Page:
entertainment than that provided by the regular broadcasting stations."
...attractive baby grand which offers a score of new improvements.
Like the top-of-the-line model 16B, the 18B features a Class A
output stage using triode connected push-pull 42s and a type
42 driver. Frequency coverage is from 520-1500kc (standard
broadcast) and 1.5-4.0mc (short wave). The 8 tube line-up is 78
(RF), 6A7 (LO & mixer), 78 (IF), 75 (det/AVC/1st AF), 42
(driver), 42*2 (power amp) and 80 (rectifier).
- Super "Class A" Audio System
- 8-tube superheterodyne circuit
- Bass Compensating 4-point Tone Control
- Automatic Volume Control
- Police and Aeroplane calls
- Shadowmeter Tuning
- Beautiful hand-rubbed cabinet of Black Walnut
and Oriental Wood
The model 18 receivers used a new state-of-the-art 8-tube superheterodyne chassis that was one of the first Philco designs to adopt the new
6A7 pentagrid converter tube as mixer and local-oscillator (LO). Prior to this, to keep the tube count down Philco had no option but to use the
inferior single-tube autodyne circuit in their economy sets, such as the 51B and even the recent 19B. This could not accommodate AVC and
the arrangement was unreliable, often ceasing oscillation if components were slightly out of tolerance. Higher tube count models avoided
these and other issues by using separate mixer and LO tubes, and many, especially the all-wave ones, would continue to do so, but the
pentagrid circuit represented a genuine advance, particularly for the intermediate and junior models. In addition to the 6A7, the 18B also used
the new type 78 variable-mu pentode for RF and IF amplification as well as the recently introduced 75 for the combined functions of 2nd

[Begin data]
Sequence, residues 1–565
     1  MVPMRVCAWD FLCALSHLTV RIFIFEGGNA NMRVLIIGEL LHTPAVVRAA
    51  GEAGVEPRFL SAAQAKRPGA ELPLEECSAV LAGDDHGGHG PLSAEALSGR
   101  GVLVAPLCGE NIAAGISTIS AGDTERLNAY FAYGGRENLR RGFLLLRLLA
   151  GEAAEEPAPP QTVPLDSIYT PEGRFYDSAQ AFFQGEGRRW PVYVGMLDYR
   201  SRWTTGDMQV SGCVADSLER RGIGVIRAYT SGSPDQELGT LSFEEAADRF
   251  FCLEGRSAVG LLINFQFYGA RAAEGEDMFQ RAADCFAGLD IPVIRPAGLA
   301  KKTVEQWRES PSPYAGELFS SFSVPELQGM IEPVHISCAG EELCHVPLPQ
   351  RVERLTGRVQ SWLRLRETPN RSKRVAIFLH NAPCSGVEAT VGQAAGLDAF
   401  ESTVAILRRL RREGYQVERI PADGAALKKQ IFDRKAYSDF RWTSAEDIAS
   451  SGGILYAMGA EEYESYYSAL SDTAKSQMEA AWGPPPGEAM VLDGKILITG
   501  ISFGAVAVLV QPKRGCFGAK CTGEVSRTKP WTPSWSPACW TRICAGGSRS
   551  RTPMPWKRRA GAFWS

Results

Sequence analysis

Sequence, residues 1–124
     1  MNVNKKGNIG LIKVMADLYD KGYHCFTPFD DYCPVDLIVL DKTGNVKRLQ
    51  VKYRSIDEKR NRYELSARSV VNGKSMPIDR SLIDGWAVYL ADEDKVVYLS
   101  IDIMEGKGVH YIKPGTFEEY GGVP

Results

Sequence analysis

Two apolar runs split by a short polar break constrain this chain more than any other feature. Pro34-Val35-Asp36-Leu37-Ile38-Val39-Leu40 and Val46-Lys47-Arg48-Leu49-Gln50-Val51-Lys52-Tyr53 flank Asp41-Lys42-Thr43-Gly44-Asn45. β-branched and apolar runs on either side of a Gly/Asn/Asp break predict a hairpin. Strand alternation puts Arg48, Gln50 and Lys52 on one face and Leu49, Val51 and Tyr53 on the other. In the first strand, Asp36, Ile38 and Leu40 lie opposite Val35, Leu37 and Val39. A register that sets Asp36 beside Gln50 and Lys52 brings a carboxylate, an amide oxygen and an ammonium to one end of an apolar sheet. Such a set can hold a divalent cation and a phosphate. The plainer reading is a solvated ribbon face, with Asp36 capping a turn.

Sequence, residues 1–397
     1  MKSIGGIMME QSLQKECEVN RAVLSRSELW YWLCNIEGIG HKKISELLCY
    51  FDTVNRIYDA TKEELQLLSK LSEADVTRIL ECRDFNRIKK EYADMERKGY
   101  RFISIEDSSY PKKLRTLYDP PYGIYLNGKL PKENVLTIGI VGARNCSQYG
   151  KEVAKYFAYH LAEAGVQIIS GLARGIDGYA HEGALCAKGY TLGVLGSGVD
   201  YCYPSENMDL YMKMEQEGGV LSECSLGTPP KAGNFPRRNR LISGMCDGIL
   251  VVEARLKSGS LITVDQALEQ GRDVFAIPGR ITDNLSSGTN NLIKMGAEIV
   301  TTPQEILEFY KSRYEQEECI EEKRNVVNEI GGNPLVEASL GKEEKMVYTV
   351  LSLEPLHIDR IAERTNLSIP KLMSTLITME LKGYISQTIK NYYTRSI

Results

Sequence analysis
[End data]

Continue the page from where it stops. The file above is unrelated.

detector, AVC generation and first AF amplifier. With the adoption of these multi-function types, Philco set designers were now able to provide
improved audio, such as super class-A push-pull, and yet still keep the tube count down and offer the set at an affordable price.
With these 1934 models, all the basic elements of the economical superheterodyne were now in place and it can truly be said that the circuit
had "come of age". Tube types would come and go, but the basic configuration would now remain intact right through the end of the tube era.
had likely plugged in the incorrect
cord! Luckily, however, though
burned, one small accessible piece
of the coil had fused and when
repaired the coil showed the correct
resistance and I was able to
complete the restoration. Although
the radio now plays, rewinding that coil is on my to-do
list for sometime soon. Note: Ron Ramirez, at
philcoradio.com offers a coil rewinding service for early
The following article was clipped from a newspaper dated March 4th 1934. The reference to model 16 in the first paragraph is
curious and perhaps is a misprint - it would make more sense for it to read "new 18 series...". The reference to 5 models also
appears to overlook the existence of the model 18RX chaiside with remote speaker, referred to by philcoradio.com.